Peru Silver - Santas Gloria


High Grade Silver-Dominant System

Santas Gloria comprises 3 concessions totalling 1100 hectares. Silver is the main target commodity. Underground channel sampling of accessible historical workings by Mantaro returned silver grades of up to >10,000 g/t Ag (ca. 320 oz/t Ag), up to 5% lead and up to 2.5% zinc. Surface channel samples returned gold assays of up to 56 g/t.

Strategically Located

Santas Gloria is located 40 km to the SW of the Casapalca-Toromocha camp. Mineralization at Santas Gloria is of an intermediate sulphidation epithermal type — as is typical of many of the underground mines in the area such as Austria Duvaz, Argentum, Yauliyacu and Casapalca.

Community Access Agreement Until 2028

The local community is pro-mining and an access agreement is in place until 2028. The community is currently providing support workers to assist with Mantaro's field work.

Easy Access

Santas Gloria is located 55 kilometres directly to the east of Lima — a distance of 98 km by road for a travel time of approximately 3.5 hours. The area is typical Andean highland at an average altitude of 3300 metres. Access throughout much of the concession is good.

 Santas Gloria and other Deposits on Peruvian Belts

Historic Small Scale Mining — Never Drill Tested

An estimated 2 km of underground workings have exploited only two small areas of San Jorge and Tembladera veins. To date 16 veins and major vein splays have been defined — with a cumulative strike extension of at least 12 kilometres.

Underground workings have provided access to some part of the San Jorge and Tembladera Veins — allowing Mantaro to conduct underground channel sampling of accessible veins.

Geology and Mineralization

Mineralization is of an intermediate sulphidation epithermal vein type — primarily hosted in volcanic and volcano-clastic units of the Rimac and Huarochiri Groups. This is typical of vein deposits throughout the district.

Geological map of Santas Gloria. Only limited parts of the San Jose and Tembladera veins were mined historically. The concession boundary is shown as a blue polygon.

A 5 metre wide outcrop of the Paquita vein. The vein is crudely banded, brecciated and pervasively oxidized. Note location of channel sample.

Surface Geochemistry

Mantaro has channel sampled approximately 30% of known vein outcrops — all veins are pervasively oxidized at surface and leached of all sulphides.

  • Despite pervasive leaching — surface channel sampling has defined robust silver and gold grades along parts of the San Jorge, Tembladera, Tembladera 1, Kelly, Pacquita and Maribel veins.
  • Silver grades are generally high above the historical San Jorge underground workings over a strike length of approximately 450 m (Figure 30). The Tembladera 1 and 2 veins are significantly silver anomalous over a cumulative strike length of at least 500 m. Channel samples define moderate to high silver grades over approximately 750 m of the Paquita vein and almost one kilometres strike of the Maribel vein. Lead and zinc grades are generally of low tenor — as would be expected in pervasively leached outcrops such as these.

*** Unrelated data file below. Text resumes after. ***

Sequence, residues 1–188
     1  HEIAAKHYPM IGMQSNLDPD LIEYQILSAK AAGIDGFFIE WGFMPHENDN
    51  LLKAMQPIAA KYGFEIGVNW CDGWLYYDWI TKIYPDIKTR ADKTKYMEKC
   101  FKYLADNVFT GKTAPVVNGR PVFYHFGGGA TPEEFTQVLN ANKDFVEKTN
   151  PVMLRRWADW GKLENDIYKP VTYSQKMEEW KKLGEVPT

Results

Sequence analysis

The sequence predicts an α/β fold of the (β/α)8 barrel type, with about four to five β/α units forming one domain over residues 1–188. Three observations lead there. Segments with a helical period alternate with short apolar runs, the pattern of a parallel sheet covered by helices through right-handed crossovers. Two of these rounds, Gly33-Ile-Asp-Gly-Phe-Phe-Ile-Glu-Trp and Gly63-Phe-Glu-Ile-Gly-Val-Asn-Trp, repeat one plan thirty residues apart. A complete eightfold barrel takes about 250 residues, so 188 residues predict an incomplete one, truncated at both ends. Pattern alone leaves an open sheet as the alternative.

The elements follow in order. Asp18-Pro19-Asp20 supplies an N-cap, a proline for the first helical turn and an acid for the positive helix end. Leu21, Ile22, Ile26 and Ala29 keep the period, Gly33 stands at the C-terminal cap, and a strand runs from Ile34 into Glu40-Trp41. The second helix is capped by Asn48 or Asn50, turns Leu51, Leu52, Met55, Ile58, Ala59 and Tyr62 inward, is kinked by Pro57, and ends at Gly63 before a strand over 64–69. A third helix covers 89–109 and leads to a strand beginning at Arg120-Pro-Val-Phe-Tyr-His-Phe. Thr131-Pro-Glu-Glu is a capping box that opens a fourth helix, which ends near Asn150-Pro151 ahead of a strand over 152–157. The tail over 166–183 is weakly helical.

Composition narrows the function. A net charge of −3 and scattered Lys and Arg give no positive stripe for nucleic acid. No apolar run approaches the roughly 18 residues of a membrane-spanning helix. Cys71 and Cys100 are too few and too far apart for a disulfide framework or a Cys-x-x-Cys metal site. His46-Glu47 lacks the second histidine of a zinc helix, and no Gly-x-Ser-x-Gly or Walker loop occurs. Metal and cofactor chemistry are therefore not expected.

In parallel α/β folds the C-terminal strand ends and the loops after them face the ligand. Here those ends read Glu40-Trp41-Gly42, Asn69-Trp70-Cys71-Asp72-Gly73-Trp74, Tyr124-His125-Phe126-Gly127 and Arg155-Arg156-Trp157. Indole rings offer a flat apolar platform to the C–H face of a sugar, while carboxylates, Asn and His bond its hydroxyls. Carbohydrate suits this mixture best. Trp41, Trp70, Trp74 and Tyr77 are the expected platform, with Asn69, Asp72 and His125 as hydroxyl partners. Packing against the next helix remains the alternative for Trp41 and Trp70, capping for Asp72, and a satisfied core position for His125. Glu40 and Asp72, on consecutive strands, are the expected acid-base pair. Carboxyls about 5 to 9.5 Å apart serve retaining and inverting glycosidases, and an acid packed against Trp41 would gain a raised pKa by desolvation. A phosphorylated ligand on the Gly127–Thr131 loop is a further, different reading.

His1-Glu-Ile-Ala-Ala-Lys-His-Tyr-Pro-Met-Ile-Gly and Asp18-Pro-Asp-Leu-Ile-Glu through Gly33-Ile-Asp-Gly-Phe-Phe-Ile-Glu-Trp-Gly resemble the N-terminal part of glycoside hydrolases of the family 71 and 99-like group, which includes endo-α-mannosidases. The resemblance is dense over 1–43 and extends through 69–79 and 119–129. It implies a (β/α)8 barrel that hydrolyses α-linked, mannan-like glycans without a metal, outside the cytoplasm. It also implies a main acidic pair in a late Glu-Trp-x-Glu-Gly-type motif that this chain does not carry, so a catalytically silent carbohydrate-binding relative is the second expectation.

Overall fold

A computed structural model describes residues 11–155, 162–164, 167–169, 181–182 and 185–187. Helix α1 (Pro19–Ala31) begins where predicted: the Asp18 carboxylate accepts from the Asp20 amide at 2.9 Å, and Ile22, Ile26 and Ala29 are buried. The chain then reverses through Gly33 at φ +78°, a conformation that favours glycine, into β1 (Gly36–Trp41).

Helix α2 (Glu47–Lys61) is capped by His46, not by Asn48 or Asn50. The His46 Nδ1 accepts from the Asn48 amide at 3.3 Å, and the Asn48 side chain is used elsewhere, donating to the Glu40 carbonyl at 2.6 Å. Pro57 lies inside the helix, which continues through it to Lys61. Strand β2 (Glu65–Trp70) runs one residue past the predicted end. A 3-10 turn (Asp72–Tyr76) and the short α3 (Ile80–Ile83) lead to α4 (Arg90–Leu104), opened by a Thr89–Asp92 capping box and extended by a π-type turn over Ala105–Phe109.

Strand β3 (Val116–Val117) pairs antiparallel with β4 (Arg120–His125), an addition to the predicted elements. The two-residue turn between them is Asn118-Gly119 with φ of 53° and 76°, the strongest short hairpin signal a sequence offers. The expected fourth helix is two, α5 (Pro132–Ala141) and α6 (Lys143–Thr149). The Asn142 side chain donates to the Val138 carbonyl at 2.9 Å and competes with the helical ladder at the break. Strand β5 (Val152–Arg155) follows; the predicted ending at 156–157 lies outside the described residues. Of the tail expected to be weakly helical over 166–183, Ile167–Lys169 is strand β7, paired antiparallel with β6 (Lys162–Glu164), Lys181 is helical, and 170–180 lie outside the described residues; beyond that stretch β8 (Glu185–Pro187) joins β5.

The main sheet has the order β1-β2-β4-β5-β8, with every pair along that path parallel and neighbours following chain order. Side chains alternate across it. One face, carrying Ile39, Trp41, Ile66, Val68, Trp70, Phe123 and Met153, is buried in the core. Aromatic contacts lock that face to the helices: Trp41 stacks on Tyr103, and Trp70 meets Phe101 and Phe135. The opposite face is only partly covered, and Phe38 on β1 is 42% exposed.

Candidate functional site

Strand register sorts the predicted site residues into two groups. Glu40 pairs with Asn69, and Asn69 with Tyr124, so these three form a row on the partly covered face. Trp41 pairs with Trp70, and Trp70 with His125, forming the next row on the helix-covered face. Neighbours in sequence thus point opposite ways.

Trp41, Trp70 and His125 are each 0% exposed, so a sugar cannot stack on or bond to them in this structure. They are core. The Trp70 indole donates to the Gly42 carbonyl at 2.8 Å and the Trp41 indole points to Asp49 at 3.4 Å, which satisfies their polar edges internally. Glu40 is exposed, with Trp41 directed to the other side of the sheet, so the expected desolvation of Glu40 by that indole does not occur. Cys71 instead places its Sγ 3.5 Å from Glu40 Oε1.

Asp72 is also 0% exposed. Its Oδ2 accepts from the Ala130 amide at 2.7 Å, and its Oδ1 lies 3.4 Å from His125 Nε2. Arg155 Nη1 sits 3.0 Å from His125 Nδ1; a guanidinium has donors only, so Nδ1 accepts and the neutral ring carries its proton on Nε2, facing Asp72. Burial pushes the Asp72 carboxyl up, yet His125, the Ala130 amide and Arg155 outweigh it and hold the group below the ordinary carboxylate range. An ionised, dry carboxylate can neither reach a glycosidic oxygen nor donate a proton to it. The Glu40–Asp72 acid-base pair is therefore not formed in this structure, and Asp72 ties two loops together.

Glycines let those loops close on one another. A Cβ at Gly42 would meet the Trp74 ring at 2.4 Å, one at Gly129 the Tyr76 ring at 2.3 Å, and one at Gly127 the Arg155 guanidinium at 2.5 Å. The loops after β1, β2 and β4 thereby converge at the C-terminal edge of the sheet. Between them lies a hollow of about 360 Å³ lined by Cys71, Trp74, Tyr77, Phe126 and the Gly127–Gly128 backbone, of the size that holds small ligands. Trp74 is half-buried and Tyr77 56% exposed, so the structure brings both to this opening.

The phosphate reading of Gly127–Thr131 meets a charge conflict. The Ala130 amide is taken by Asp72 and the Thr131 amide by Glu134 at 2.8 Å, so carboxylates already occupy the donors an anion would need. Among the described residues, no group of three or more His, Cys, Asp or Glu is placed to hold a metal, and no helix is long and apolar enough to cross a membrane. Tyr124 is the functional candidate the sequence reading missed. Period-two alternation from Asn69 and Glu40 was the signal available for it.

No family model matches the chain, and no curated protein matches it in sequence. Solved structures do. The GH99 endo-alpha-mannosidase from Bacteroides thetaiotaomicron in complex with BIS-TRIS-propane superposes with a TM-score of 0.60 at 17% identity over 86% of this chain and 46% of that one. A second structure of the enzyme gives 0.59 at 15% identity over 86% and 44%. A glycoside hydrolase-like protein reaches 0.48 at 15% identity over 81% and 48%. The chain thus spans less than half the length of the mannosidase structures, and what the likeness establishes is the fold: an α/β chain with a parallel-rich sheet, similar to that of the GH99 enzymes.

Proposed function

• Surface channel samples defined a coherent and strong gold anomaly (up to 56 g/t Au) over a strike length of approximately 200 m at a flexure in the Kelly vein.
  • Channel samples also returned significant gold assays in parts of the Paquita and Maribel veins — along parts of the vein that are also highly anomalous in silver.
Map showing surface sample channel locations and silver and gold grades. The base map is a Worldview 3 high resolution satellite image.
Underground Geochemistry

Mantaro collected channel samples across veins in accessible parts of the underground historical workings. Channel samples were from parts of veins that were not the focus of historical mining — as such results are likely to be of a lower tenor than material that was mined.

In total 111 channel samples were taken over a cumulative strike length of several hundred metres. Sampled veins were partly oxidized and locally leached of sulphides.

  • A large number of samples assayed above 150 g/t Ag (ca. 5 oz/t Ag) and a significant number of assayed above 450 g/t Ag (ca. 15 oz/t Ag). Sixteen of the 111 underground channel samples assayed above 1000 g/t Ag (ca. 32 oz/t) — of which one sample assayed above the maximum detection limit of 10,000 g/t Ag (ca. 320 oz/t Ag).
  • Lead grades of between 1 to 5% and zinc grades of between 1 to 2.5 % are common — although partial oxidation has removed base metal sulphides from many samples.
Deposit Type — Intermediate Sulphidation With Excellent Depth Potential
  • Santas Gloria is a silver-base metal vein system — otherwise known as Cordilleran silver-base metal type or intermediate sulphidation epithermal type.
  • Globally such deposit-types are attractive exploration targets due to their high grade nature and the large vertical extent of precious and base metal endowment.
  • Metal deposition is by non-boiling precipitation which results in deposition of metals over large vertical intervals. Localized boiling at the tops of the system may result in high grade bonanza shoots — which may explain the high surface gold grades in the Pacquita vein system.
  • Veins at Santas Gloria are steeply dipping, up to 4 metres wide, and display multiphase and brecciated texture. Multiple fluid pulses and open space created during brecciation are critical in development of high grade mineralization.
Schematic showing the metallogenic setting of low sulphidation epithermal, hybrid low and intermediate sulphidation, and intermediate sulphidation veins at Santas Gloria. Veins form distally (>5 km) above and lateral the parent magma in extensional settings.